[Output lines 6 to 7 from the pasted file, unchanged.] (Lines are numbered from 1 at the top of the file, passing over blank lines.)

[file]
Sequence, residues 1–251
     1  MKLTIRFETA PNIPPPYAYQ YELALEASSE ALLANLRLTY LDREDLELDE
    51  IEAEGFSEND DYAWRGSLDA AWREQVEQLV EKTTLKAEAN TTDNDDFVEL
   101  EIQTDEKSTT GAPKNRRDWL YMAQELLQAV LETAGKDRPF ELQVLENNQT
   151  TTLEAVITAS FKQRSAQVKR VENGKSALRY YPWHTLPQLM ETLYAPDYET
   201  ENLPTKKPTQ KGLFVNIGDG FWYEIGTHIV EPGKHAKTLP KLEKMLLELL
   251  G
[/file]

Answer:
   201  ENLPTKKPTQ KGLFVNIGDG FWYEIGTHIV EPGKHAKTLP KLEKMLLELL
   251  G